I’ve been practicing criminal law with a serious commitment to Record Clearing for about seven years now, and I can say without any hesitation that the amount of misinformation out there is huge. I’ve had the same conversation with dozens of different people so many times, from all walks of life:
Johnny Q. Public: “I was arrested once a long time ago, but my lawyer cleared it up.”
Me: “What do you mean by cleared it up?”
Johnny: “We went to court and he got it dismissed.”
Me: “That’s good. And then did he expunge the arrest record?”
Johnny: (Blank stare for a couple of seconds.) “He was in court with me. He took care of it. The judge said the case was dismissed.”
Me: “But did he file separate paperwork to expunge the arrest record?”
Johnny: “Hmm. I don’t know.”
Me: “Did you receive letters from the Police Department and the State Police stating that your expungement has been granted and that your arrest record has been removed from their files?”
Me: “That means that it’s probably still on your record.”
Most people don’t know that arrests NEVER disappear from a rap sheet without a granted Petition to Expunge, EVEN after a case is dismissed. If you were arrested and not prosecuted, a background check will reveal your arrest record.
There’s no question that a clean record is important, for so many reasons. For one, the criminal system is a slippery slope, and the police treat you differently when you have an arrest record. On countless occasions I’ve encountered prosecutors who will refer to a defendant with multiple arrests as having “a long rap sheet,” even when it contained no convictions! Similarly, most arresting officers will take a very different attitude toward a person with a long arrest record than toward the same person with a truly clean record. The sad thing is, if the arrestee with the “long rap sheet” had completed the necessary paperwork, he could have received an expungement and had a completely clean record!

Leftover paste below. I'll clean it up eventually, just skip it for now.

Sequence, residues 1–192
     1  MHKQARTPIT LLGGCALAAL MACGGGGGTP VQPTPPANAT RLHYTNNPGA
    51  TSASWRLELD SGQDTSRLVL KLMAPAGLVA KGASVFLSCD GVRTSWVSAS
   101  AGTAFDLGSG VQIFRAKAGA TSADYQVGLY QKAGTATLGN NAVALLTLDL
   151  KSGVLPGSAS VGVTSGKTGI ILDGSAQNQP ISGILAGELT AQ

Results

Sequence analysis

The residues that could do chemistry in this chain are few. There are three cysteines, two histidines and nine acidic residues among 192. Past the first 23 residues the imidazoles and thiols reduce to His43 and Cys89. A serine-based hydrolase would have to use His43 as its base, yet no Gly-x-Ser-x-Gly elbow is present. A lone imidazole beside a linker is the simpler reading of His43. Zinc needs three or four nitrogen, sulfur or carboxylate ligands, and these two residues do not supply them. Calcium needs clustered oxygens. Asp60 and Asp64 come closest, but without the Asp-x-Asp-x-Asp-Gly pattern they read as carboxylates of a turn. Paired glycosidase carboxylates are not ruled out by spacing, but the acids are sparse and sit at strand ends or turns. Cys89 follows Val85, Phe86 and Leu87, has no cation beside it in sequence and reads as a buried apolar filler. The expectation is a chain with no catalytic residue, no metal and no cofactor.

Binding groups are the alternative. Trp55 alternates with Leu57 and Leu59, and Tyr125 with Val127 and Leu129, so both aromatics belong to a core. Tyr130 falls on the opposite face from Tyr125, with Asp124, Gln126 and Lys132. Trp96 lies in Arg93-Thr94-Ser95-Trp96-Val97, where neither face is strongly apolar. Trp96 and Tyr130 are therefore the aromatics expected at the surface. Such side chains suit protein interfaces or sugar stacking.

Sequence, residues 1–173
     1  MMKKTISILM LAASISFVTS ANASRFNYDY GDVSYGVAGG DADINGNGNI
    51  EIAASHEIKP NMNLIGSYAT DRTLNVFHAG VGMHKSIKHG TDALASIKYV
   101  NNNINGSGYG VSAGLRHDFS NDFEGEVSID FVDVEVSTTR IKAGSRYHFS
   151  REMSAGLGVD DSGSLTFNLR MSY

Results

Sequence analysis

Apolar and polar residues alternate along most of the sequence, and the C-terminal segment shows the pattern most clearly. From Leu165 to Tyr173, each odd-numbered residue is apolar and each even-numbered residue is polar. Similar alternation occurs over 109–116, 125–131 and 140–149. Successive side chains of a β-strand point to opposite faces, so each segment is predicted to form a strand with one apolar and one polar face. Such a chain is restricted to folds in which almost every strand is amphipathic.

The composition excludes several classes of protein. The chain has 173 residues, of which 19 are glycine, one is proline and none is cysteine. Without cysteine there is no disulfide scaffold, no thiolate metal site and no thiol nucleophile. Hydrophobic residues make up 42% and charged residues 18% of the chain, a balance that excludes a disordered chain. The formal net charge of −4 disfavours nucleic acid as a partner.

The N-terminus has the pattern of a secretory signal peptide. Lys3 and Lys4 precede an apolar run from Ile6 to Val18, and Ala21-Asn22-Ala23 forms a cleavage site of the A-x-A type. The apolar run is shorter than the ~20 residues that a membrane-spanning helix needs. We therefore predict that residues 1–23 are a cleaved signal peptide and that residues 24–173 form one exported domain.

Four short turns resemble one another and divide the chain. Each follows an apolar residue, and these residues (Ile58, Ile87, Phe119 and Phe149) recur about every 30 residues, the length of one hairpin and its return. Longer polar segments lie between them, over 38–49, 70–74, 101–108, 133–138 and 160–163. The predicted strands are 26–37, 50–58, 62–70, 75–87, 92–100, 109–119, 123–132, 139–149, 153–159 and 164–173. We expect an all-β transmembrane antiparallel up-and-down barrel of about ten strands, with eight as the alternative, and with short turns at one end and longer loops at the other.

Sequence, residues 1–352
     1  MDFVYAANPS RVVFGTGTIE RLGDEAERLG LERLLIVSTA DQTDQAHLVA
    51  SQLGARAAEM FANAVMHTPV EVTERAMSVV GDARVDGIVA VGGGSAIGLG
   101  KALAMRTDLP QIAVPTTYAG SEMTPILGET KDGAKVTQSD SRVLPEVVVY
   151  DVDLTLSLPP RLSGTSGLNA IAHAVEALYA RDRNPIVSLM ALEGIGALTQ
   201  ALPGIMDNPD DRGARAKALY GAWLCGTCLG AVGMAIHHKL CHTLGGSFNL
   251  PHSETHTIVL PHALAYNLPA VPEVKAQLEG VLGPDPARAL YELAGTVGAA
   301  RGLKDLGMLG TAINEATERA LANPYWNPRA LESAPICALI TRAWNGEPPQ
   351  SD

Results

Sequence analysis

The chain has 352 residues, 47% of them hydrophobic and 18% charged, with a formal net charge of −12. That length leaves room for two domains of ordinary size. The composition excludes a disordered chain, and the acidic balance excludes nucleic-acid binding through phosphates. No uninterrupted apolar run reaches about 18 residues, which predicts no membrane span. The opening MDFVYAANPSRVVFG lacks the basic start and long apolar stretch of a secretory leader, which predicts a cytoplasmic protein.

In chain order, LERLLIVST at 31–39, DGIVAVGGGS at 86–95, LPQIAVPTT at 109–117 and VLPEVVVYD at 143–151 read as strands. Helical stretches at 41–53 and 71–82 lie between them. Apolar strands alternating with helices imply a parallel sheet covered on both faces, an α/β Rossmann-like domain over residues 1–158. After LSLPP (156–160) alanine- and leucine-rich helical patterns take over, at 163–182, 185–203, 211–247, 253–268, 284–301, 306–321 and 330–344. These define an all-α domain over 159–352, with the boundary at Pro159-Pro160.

Even if you never encounter law enforcement again in your life, any arrest record at all will often prejudice an employer. This is especially true when the employer has a tough choice to make between two equally good applicants. Even hard-working people that haven’t been arrested in decades can easily face such prejudice.
When a Petition for Expungement is granted, the physical arrest record is removed from police files and from public record. That means that your name no longer appears on background checks, and you are given a truly clean slate.
Unfortunately, however, many lawyers don’t focus on record clearing at all, for a very simple reason: it’s not very lucrative. While most criminal work is billed on an hourly basis, record clearing generally consists of one or two relatively low flat fees: usually one for the filings and one for the court appearance, if necessary. Sometimes the petition is granted without a hearing and the order is sent through the mail.
Another reason lawyers don’t focus on record clearing is that it’s somewhat complicated, and it’s always changing. There are a lot of common red herrings and pitfalls. Unless you know what you’re doing, you may end up filing the paperwork multiple times. The confusion that I described above is common among non-lawyers, but it’s somewhat common among lawyers as well. Most lawyers are aware that expungement is a process separate and apart from the criminal process. But even some criminal lawyers aren’t all that familiar with the intricacies of eligibility. A lawyer needs to maintain an ongoing interest in the changing law to stay informed on the way that the law defines convictions and non-convictions for purposes of expungement and sealing.
I take record clearing seriously because, as a former prosecutor and a Chicago criminal defense attorney, I know the difference that a clean record can make. On a deeper level, I strongly believe that everyone is capable of overcoming the circumstances of the past and turning over a new leaf. For that reason, I work hard to stay informed about changes in Record Clearing Law, and consider it to be one of the most important and rewarding aspects of my practice.